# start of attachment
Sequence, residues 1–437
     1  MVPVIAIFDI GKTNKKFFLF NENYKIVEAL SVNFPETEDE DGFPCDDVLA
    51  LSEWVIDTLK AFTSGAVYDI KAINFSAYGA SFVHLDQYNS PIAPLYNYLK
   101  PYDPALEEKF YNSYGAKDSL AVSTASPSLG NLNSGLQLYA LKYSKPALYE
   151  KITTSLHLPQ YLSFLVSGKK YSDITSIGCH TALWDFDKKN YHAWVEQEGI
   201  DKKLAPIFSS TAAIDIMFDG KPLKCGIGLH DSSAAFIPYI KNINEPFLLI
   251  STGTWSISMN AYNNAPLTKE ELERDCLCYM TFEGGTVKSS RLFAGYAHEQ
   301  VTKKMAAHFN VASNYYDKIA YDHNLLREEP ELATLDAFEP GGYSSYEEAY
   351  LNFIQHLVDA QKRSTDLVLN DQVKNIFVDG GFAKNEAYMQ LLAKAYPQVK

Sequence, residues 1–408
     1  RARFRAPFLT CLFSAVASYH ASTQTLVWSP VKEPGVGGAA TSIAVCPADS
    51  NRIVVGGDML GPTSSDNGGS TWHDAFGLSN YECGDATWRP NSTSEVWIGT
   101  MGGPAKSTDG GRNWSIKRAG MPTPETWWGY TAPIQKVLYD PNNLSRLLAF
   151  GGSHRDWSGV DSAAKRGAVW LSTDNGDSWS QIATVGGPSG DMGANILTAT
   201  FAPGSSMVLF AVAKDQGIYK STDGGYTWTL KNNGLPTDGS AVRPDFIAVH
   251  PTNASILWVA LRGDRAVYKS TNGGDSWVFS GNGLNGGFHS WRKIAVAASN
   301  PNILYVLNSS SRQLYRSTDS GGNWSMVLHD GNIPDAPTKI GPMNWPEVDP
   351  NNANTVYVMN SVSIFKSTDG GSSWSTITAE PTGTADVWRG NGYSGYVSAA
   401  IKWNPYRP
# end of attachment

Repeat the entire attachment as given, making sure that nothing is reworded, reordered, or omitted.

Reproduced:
Sequence, residues 1–437
     1  MVPVIAIFDI GKTNKKFFLF NENYKIVEAL SVNFPETEDE DGFPCDDVLA
    51  LSEWVIDTLK AFTSGAVYDI KAINFSAYGA SFVHLDQYNS PIAPLYNYLK
   101  PYDPALEEKF YNSYGAKDSL AVSTASPSLG NLNSGLQLYA LKYSKPALYE
   151  KITTSLHLPQ YLSFLVSGKK YSDITSIGCH TALWDFDKKN YHAWVEQEGI
   201  DKKLAPIFSS TAAIDIMFDG KPLKCGIGLH DSSAAFIPYI KNINEPFLLI
   251  STGTWSISMN AYNNAPLTKE ELERDCLCYM TFEGGTVKSS RLFAGYAHEQ
   301  VTKKMAAHFN VASNYYDKIA YDHNLLREEP ELATLDAFEP GGYSSYEEAY
   351  LNFIQHLVDA QKRSTDLVLN DQVKNIFVDG GFAKNEAYMQ LLAKAYPQVK

Sequence, residues 1–408
     1  RARFRAPFLT CLFSAVASYH ASTQTLVWSP VKEPGVGGAA TSIAVCPADS
    51  NRIVVGGDML GPTSSDNGGS TWHDAFGLSN YECGDATWRP NSTSEVWIGT
   101  MGGPAKSTDG GRNWSIKRAG MPTPETWWGY TAPIQKVLYD PNNLSRLLAF
   151  GGSHRDWSGV DSAAKRGAVW LSTDNGDSWS QIATVGGPSG DMGANILTAT
   201  FAPGSSMVLF AVAKDQGIYK STDGGYTWTL KNNGLPTDGS AVRPDFIAVH
   251  PTNASILWVA LRGDRAVYKS TNGGDSWVFS GNGLNGGFHS WRKIAVAASN
   301  PNILYVLNSS SRQLYRSTDS GGNWSMVLHD GNIPDAPTKI GPMNWPEVDP
   351  NNANTVYVMN SVSIFKSTDG GSSWSTITAE PTGTADVWRG NGYSGYVSAA
   401  IKWNPYRP